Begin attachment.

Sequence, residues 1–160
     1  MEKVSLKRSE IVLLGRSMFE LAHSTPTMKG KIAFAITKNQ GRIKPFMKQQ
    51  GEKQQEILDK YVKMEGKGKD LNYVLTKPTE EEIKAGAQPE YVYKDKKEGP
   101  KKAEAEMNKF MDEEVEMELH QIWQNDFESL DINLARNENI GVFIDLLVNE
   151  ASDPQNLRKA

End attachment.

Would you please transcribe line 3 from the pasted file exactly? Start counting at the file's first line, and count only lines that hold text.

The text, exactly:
    51  GEKQQEILDK YVKMEGKGKD LNYVLTKPTE EEIKAGAQPE YVYKDKKEGP